It was because you could read "Westbrook" on the back of his jersey. In fact, it became a de facto self-fulfilling prophecy. Whereas other stars received passes, everything Westbrook did was criticized.
But as Ivan Pavlov originally proved when training dogs to salivate upon hearing bells, conditioning can be broken. If the same sequence—in this case, Bad Westbrook leading to the occasional loss—doesn't keep the conditioning in the minds of fans, the same response isn't going to occur.
It can be regained, but that doesn't necessarily have to happen.
Instead, we can now enjoy Westbrook for who he is: an aggressive, fearless point guard whose play opens things up for the rest of the Thunder, even if it doesn't always have an immediately positive result. Believe it or not, fans are capable of delayed gratification.
As a result, you'll struggle to find many articles that are worded in the same hesitant fashion as Young's aforementioned piece.
Let's play the same game we played with the Young article but this time draw quotes from a piece about Westbrook written by NBC Sports' Kurt Helin right before Thanksgiving:
- "Just having Russell Westbrook back on the court has opened up the Thunder offense."
- "All that despite the fact Westbrook has not found his shot. At all."
- "Just the threat of Westbrook has improved the Thunder offense. Wait until he starts knocking down shots."
Doesn't that language sound a lot different? Now, admittedly, these are different writers putting fingers to keyboards at different points in Westbrook's career. But the point still stands because they're representative of the general types of language used to describe the point guard.
And, as Helin hints at, Westbrook hasn't been particularly great thus far. He's averaging 21.1 points and 5.5 assists per game, but he's also shooting only 39.5 percent from the field with a PER of 18.2, according to Basketball-Reference.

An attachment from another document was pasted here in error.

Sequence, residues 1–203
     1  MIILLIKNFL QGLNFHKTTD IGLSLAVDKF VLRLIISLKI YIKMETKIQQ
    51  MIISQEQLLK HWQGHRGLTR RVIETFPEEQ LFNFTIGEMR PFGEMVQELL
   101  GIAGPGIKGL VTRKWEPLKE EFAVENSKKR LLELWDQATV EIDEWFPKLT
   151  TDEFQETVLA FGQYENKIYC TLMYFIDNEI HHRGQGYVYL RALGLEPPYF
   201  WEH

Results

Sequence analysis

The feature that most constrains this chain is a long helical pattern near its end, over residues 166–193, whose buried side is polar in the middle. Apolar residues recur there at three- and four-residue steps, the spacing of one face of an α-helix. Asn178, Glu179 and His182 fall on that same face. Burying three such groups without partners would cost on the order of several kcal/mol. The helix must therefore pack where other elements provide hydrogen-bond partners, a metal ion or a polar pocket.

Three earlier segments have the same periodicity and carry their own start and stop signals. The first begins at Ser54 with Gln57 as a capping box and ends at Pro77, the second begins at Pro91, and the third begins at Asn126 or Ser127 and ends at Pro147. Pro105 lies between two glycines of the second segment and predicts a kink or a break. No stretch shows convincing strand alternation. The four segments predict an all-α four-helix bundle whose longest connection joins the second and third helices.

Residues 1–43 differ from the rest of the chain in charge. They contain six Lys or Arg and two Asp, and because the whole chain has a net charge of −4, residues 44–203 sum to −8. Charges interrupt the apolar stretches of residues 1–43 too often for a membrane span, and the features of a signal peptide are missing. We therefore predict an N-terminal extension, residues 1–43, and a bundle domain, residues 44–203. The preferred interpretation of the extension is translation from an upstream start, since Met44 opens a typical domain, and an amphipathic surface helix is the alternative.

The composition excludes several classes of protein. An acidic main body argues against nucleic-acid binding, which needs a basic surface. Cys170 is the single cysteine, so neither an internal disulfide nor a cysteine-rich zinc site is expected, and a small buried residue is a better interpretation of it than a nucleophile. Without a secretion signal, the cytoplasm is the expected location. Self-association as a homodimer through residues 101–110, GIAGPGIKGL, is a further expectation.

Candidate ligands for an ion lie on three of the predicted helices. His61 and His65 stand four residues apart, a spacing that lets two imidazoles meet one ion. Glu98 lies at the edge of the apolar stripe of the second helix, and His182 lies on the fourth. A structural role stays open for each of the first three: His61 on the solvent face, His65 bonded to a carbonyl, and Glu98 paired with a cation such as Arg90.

With those types of numbers, pre-injury Westbrook would have been made into such a scapegoat that we'd have to come up with a new term.
But no longer.
The perception has changed, and he's much better off for it.
On top of that, Westbrook's absence actually improved the Thunder as a whole. By missing even a bit of time, Westbrook allowed some of his teammates to get a little more experience in key roles while the pressure cooker wasn't turned up as high as it would be later in the year.
Jeremy Lamb and Reggie Jackson were able to get big minutes at the beginning of the season, which is crucial for an organization that pins so many of its hopes and dreams on internal improvement. One or both of those young guards must emerge as a quality rotation member for the Thunder to advance through the gauntlet that is the Western Conference playoffs.
So far, both of them have been doing exactly that.
Now that Westbrook missed time, they won't just be thrown into the fire the first time he misses a key game or gets hit with some foul trouble. Some experience is better than none at all.
With the West shaping up to be quite difficult once more (surprise, surprise), the Thunder need every advantage that they can get. Strange as it may be, they got a big one from the Westbrook injury.
Even though knee injuries are normally tough to recover from, Westbrook's injury has eased pressure on himself and strengthened the reserves coming off the OKC bench.
It's tough to ask for much more than that when crutches are involved.